My Baby Is More than a Word

Dear Margaret Cho,

I am writing to you today not from a place of anger, but from a place deep inside of my heart that hopes your mind can be stretched in the way that mine has over the past 1.5 years. There is something I need you to understand and I hope I can convey my message in a way that is respectful and promotes understanding and compassion.

You see, this is the “retard baby” that you don’t want to have:


The thing is, and this may come as quite a shock to you, I chose to be his mom. I will say it loud and proud to all who will listen–I love my son. He is cognitively disabled and has Autism. I knew about his disabilities long before he came home to be my forever son. I have been his mom for 1.5 years now. He does not have the capacity nor the words to stand up for himself, so you see, I am his voice.

That’s why I have no choice but to write this letter to you today. I made a vow in court and before our creator to be his voice, his champion….his mom.

I find it extremely disappointing that you have been given numerous awards for your humanitarian efforts within the Asian, women and LGBT communities, yet you feel that children born with special needs are not worthy of the same treatment that you fight so hard to obtain for others. Special needs children are not less worthy of respect and tolerance. The thing that makes them different is that many of them don’t have a voice. There is nothing funny about picking on the defenseless. That’s not comedy, that’s bullying.

I know you don’t want to parent a child with disabilities, I get it. It’s hard work that requires compassion, dedication and sacrifice all without any societal rewards. It’s not for the faint of heart. That I do understand. But no matter how you feel about children with special needs, know this: they deserve dignity and respect. My voice does not reach far and wide across this globe, but yours does. Please show my child the same respect that you demand for the ones you fight so hard to support. Your voice has power, please choose your words wisely. I truly hope that you will use this experience as a time of learning and personal growth. I don’t want an apology, I just want you to hear my son.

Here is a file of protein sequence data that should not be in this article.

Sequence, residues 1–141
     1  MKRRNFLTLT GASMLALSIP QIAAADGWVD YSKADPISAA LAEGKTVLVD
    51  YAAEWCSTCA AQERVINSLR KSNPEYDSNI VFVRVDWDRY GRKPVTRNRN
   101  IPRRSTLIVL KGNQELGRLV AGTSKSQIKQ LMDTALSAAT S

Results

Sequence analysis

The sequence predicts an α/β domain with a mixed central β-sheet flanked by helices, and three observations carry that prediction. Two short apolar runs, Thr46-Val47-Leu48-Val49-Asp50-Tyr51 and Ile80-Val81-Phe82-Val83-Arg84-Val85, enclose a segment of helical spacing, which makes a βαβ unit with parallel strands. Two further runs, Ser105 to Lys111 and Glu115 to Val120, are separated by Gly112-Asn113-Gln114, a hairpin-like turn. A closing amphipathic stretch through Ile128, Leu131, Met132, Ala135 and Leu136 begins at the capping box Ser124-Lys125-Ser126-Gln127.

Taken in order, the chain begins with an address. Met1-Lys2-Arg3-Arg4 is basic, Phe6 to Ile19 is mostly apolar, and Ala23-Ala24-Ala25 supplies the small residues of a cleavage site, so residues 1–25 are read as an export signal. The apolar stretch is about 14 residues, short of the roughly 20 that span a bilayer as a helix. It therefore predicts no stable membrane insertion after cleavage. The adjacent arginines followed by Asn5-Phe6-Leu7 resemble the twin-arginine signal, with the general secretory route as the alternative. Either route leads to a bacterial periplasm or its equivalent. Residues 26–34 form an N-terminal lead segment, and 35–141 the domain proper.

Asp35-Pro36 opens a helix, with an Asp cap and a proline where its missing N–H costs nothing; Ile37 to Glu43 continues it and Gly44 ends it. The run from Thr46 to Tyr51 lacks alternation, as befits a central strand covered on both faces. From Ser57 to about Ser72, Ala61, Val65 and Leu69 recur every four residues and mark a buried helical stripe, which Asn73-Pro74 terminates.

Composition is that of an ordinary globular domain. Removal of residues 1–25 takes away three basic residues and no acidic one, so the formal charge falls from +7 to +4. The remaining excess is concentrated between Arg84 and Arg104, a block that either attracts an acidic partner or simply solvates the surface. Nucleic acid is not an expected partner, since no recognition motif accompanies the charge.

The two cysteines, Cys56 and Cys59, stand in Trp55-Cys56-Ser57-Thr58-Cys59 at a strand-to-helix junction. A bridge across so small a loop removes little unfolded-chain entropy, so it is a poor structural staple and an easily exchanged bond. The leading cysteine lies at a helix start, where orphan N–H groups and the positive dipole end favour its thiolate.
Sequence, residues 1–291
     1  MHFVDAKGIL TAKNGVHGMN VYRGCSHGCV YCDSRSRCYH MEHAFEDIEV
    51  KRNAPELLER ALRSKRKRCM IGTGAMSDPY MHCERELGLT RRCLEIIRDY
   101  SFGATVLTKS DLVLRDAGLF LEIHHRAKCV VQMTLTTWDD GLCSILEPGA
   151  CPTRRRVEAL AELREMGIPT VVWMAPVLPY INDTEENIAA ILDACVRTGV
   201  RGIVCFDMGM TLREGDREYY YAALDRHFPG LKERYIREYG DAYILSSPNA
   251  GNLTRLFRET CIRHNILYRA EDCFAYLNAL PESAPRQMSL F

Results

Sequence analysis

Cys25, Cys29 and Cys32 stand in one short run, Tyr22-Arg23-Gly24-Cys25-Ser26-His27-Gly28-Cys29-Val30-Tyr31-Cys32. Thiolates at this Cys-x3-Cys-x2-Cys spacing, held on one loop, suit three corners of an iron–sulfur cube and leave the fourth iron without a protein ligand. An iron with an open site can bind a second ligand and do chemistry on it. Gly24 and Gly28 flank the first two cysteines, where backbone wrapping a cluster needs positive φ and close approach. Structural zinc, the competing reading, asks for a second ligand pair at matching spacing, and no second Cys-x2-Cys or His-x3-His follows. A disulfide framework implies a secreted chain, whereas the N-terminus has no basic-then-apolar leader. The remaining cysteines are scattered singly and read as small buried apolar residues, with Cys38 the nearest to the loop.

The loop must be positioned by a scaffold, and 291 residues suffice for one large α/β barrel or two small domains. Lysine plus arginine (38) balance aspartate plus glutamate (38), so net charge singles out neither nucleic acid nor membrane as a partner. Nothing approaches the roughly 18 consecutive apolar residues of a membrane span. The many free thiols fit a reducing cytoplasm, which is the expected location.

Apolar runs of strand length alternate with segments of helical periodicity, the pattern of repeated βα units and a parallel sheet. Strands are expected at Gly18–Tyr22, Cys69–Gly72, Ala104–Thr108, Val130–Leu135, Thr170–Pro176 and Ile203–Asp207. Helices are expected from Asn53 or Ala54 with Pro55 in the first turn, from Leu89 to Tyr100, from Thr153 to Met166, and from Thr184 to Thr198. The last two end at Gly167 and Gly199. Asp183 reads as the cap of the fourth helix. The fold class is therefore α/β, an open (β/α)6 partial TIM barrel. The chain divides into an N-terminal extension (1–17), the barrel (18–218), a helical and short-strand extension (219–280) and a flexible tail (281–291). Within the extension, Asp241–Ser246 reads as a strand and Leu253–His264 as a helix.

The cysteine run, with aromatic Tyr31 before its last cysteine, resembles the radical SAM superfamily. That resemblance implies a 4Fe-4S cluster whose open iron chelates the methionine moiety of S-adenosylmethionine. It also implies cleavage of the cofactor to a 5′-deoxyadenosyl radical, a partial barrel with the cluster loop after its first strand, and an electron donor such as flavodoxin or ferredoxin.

One of the luckiest moms in the world (aka Hiking Mama)

16 thoughts on “My Baby Is More than a Word

  1. Girl, Independent

    What a beautiful post. Your son is gorgeous, and you are an inspiration. Thanks for sharing this; I wasn’t aware of Cho’s words until now.

  2. Kathy Radigan

    Bravo!! I have come to realize after having my beautiful daughter with special needs and meeting some amazing people with a range of cognitive challenges is that the ones to feel sorry for are the ones who are so fearful and small minded that their only attempt at being funny is to make fun of those that can not speak for themselves. You son is gorgeous and I’m so glad you found each other. You are right, parenting a child with special needs is not a cake walk but it offers rewards and the chance to witness miracles on a daily basis that mere words can not express and that small minded people will never get to behold!!! Thank you so much for your gorgeous post!!

  3. nancy

    I hope her apology comes with action. Actions speak so much more loudly than words.
    Big Brother is destined for wonderful things in the world! I can’t wait to see it unfold!

  4. Hiking Mama

    Thank you to everyone who left a comment. As a fellow advocate for the downtrodden and voiceless, I just needed to let Ms. Cho hear my son’s voice in hopes of giving her a glimpse into a world she is not familiar with. Thanks for reading.

  5. Pingback: Adventure: Is it really for everyone? | Hike. Blog. Love.

  6. anythingbutlokey

    Great post, Hiking Mama! I too have been ignorant like Ms. Cho. But thankfully, through adopting a special needs child myself (and now in process for number two) God has opened my eyes to the ignorance I had and a way to experience life in a way I unlike ever before.


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